Hungry Harvest Challenge: Reducing Food Waste

Many of the daily challenges for the Hungry Harvest 30-Day Challenge for Earth Month revolt around reducing food waste, which makes sense given their mission. Here’s a roundup of some of the challenges so far.

Screen Shot 2019-04-17 at 8.58.27 PMA lot of people think of “meal prep” as batch prepping meals for the week ahead. I’ve tried that and it’s not something that works well for me, as I would rather use my weekend time for other things. But planning your weekly menus and prepping some things in advance can help reduce waste and trash!

I get my Hungry Harvest rescued produce box on Fridays. Saturday mornings, I plan out a dinner menu for the week that first uses up what I have on hand (both produce and pantry items) before adding anything else to my shopping list. Using an ingredient-first approach helps me be more creative in the kitchen – finding new recipes or adapting existing ones to use what I have on hand – plus it saves money because I’m not buying 10 new ingredients to make a certain recipe.

When I prep things in advance it is usually single ingredients: cooking dry beans or making vegetable broth, yogurt, pickles, or homemade seitan — all things that save money and reduce trash. Sometimes I make snacks or baked goods.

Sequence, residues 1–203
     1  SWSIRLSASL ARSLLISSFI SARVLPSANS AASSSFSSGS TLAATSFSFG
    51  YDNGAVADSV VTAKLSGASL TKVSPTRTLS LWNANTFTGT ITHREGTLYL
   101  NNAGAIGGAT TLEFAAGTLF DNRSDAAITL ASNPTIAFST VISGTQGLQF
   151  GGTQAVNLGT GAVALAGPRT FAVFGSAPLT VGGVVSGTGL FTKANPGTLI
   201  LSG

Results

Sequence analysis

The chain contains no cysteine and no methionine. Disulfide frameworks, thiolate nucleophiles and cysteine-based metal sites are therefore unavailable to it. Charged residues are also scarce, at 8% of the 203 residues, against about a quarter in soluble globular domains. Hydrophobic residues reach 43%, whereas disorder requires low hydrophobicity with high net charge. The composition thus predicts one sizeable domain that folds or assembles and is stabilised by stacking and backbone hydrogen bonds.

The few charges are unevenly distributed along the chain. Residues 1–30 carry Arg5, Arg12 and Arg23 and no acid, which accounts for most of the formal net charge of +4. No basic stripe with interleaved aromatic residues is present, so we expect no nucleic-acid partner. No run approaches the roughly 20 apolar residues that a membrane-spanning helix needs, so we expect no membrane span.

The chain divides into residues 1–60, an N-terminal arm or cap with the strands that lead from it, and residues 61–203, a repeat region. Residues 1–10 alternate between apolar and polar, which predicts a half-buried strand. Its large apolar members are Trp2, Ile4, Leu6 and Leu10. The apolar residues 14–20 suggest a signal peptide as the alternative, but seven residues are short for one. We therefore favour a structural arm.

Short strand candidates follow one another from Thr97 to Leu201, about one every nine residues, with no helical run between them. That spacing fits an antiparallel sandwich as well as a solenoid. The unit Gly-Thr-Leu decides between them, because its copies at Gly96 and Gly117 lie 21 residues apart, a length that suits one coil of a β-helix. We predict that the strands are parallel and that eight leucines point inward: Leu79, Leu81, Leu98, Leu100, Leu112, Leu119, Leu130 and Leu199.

Screen Shot 2019-04-17 at 8.59.31 PM Making vegetable broth from scrap produce is now just part of my regular routine. I keep a bag in the freezer for my vegetable scraps from cooking: the ends and outer skins of onions, carrot ends and peels, celery trimmings, potato and sweet potato peels, the stem ends of bell peppers, mushroom stems, etc. It’s best to avoid broccoli, cabbage, beets, and other strongly flavored vegetables because they can dominate the flavor of the broth. And don’t use parts that you trimmed off because the veggies are going bad.

Once the bag is pretty full (usually about every two weeks or so) I dump the contents in my Instant Pot, cover it with water, and cook on high pressure for 30 minutes, leaving it to sit for an hour or so after cooking. Strain out the veggie chunks and portion the broth into 2 cup or 4 cup servings in freezer bags and store for future use. I don’t add salt to the broth so the leftover cooked veggies can go in my compost bin when done.

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Because of the way I plan my meals, I don’t often have too much lingering in my vegetable bins but sometimes things get the better of me. My favorite ways to use up lingering veggies are:

  • Making a soup, sauce or stir fry that can use up small amounts of a variety of veggies
  • Preserving them by pickling or freezing
  • Planning a recipe that uses up the lingering produce. I look up recipes by ingredient in the indexes of my cookbooks, or doing an online search using the name of the ingredient plus the word “recipe.”

 

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Most of my leftovers consist of fully prepared meals, so my main use for leftovers is to eat them for lunch (or sometimes breakfast) within the next day or two. But here are a few other ideas:

  • Use leftover cooked grains or pasta in a salad, soup, or to make a fried rice style dish.
  • Use leftover cooked veggies in a wrap, frittata, quesadilla, salad, or add to a sauce.
  • Use leftover cut fruit in oatmeal or to top cold cereal or yogurt.

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